the implications of the ruling for the Arroyo administration,
he observed that the Supreme Court ruling nonetheless would
guide the Philippine government on what was feasible in terms
of negotiations. Esperon noted that the AFP was making
progress in its operations against MILF rogue elements in
Central Mindanao and expected to wrap up operations in
September. He observed that given that Ramadan was taking

MANILA 00002072 002 OF 003

place in September, the AFP expected less fighting, with a
possible spike in insurgent activity in early October, once
Ramadan concluded.

TALKS BY LATE SEPTEMBER?
————————

¶5. (C) Esperon expressed hope that the success of AFP
operations against MILF rogue elements, coupled with a
not-too-damaging Supreme Court ruling on the MOA, would
permit peace talks to resume by late September. At that
time, the government would reconstitute a peace panel and
resume negotiations, without either approving or disapproving
of the memorandum of agreement. Esperon expressed his belief
that the MILF Central Committee was not directing the rogue
commanders and that, in a loyalty-based clan society, turning
them in to the government would cost the Central Committee
its leadership positions. Thus, according to Esperon, the
AFP would have to capture the rebel commanders, something he
admitted could prove hard to do. However, he added that if
the AFP made enough headway, these rogue MILF commanders
would at least lose their ability to attack again. Esperon
conceded that the success of current AFP actions was proving
popular, pleasing both President Arroyo and some of the hawks
in the Cabinet. Still, Esperon thought the MILF would seek
peace negotiations as they had no other options to pursue.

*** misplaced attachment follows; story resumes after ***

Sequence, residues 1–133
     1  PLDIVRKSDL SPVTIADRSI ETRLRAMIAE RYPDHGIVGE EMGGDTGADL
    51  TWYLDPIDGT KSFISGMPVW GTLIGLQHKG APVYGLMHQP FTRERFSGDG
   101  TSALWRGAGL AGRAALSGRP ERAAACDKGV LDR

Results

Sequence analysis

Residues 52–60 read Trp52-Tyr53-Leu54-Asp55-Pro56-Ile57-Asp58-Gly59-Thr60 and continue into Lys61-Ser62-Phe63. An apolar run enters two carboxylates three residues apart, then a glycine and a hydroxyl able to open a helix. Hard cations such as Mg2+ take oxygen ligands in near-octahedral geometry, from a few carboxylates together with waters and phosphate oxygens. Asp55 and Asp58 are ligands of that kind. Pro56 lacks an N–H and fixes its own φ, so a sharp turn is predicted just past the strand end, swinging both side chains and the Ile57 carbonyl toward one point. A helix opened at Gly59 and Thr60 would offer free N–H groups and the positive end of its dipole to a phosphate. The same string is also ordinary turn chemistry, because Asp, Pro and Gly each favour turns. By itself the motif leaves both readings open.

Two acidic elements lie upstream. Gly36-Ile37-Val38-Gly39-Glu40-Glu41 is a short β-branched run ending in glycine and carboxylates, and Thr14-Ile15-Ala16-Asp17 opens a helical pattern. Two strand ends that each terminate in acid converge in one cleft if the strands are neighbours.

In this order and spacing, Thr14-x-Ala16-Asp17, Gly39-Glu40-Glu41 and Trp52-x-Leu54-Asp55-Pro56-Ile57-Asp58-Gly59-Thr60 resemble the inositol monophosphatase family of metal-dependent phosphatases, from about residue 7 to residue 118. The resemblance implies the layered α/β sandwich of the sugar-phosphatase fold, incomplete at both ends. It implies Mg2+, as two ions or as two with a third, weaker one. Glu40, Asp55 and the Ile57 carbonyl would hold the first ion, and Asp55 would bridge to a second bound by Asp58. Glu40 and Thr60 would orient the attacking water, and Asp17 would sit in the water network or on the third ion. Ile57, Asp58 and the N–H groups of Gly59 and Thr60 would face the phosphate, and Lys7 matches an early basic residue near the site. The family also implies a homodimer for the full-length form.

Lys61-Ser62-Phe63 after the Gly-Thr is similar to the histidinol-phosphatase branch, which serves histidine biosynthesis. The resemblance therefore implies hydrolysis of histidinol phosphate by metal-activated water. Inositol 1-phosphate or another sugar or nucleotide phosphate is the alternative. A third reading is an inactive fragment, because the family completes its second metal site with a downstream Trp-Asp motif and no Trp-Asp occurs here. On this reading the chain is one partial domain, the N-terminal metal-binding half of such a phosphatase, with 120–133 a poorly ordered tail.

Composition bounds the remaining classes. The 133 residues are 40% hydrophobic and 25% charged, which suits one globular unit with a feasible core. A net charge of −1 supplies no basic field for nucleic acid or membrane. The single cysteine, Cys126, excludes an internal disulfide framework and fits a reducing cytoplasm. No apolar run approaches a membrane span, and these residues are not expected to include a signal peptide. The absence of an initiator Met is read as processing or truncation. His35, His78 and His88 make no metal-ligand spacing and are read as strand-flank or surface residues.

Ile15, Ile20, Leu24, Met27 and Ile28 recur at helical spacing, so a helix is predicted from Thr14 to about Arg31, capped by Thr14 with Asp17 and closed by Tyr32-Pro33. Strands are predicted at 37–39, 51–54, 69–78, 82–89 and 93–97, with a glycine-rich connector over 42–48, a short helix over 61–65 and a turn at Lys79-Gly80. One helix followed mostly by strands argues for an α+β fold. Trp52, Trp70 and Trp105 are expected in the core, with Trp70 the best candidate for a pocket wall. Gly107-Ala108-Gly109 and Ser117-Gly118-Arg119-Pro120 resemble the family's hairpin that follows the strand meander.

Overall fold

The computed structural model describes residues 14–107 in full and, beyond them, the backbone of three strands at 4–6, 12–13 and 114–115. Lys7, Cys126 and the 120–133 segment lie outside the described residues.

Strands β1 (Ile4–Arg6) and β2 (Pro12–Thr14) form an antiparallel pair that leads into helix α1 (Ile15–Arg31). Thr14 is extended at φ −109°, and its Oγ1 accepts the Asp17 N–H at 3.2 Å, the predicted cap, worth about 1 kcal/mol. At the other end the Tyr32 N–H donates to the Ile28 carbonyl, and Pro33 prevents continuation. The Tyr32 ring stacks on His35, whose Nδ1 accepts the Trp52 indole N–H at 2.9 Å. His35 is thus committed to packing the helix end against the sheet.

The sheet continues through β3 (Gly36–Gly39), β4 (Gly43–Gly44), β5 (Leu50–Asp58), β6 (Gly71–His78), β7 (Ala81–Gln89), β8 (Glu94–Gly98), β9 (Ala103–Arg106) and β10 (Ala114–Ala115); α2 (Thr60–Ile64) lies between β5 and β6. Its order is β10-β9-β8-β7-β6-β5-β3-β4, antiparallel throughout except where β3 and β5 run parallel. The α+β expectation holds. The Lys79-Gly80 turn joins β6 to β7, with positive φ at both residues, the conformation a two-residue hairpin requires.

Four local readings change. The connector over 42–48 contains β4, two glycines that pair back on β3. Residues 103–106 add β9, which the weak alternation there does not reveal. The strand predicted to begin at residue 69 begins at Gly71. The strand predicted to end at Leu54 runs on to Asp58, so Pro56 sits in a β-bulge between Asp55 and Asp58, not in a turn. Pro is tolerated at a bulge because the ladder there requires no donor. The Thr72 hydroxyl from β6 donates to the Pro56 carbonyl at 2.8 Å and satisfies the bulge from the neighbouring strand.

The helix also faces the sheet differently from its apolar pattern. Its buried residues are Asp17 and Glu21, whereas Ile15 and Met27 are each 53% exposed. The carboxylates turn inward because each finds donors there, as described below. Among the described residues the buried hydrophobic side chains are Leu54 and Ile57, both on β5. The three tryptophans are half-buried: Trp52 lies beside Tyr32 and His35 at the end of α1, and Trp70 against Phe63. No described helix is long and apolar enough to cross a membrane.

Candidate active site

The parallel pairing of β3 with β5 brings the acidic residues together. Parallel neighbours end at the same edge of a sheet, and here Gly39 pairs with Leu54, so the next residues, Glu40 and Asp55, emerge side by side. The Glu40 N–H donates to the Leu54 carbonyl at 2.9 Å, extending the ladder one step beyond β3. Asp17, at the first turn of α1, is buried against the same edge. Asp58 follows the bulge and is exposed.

¶6. (C) The Ambassador stressed to Esperon the importance of
limiting the conflict, and keeping it from spreading to other
areas of Mindanao, while also respecting the human rights of
civilians and combatants alike. She impressed upon Esperon
the need for a manageable ceasefire to allow development to
continue and encourage the government and the MILF to behave
responsibly and return to peace talks. The absence of
dialogue served no good purpose.

MNLF HELPFUL BUT NO NEGOTIATIONS
——————————–

¶7. (C) Turning to widely publicized reports that the
Philippine government was considering negotiations with the
other major Muslim group in Mindanao, the Moro National
Liberation Front (MNLF), with which the government reached an
agreement in 1996, Esperon discounted the implication that
the government would now shift its focus to the MNLF.
Nonetheless, he admitted that MNLF Chairman Nur Misuari was
seemingly inclined to be helpful and, while acknowledging
that Cotabato City Mayor and MNLF leader Muslimin Sema had
played a sensible and helpful role during this difficult
time, he noted that it would be difficult to find room for
both Misuari and Sema in the MNLF. He concluded that the
ongoing review with the MNLF on how to implement fully the
1996 peace deal would not be complicated.

IMPORTANCE OF CONTINUED INTERNATIONAL ASSISTANCE
——————————————— —

¶8. (C) Esperon said President Arroyo was especially concerned
about the situation of internally displaced persons (IDPs)
from the fighting in central Mindanao and the government was
working to make sure relief got through. The Ambassador
expressed concern that aid projects important to stability
and prosperity in Mindanao could not go forward for the time
being due to the security situation. Esperon responded that
he thought things would improve by the end of September but
agreed that now was definitely not the time to have
assistance workers operating there. He requested that the
international community make clear that foreign assistance
would continue, even if peace process was not in best shape.
He also expressed concern that AFP operations could spark
human rights complaints and agreed with Ambassador that MILF
fighters who surrendered needed to be treated well and
accorded all rights under the law.

BROADENING THE INTERNATIONAL MONITORING TEAM
——————————————–

¶9. (C) Esperon said the government was considering broadening
the International Monitoring Team (IMT) to include countries
beyond Malaysia, as they had done during negotiations with
the Moro National Liberation Front. Esperon indicated he was
headed for Kuala Lumpur later in the week to meet with
Malaysian facilitator Datuk Othman. As an aside, Esperon
complained that Othman had not been particularly helpful in

MANILA 00002072 003 OF 003

moving the process forward.
LINDBORG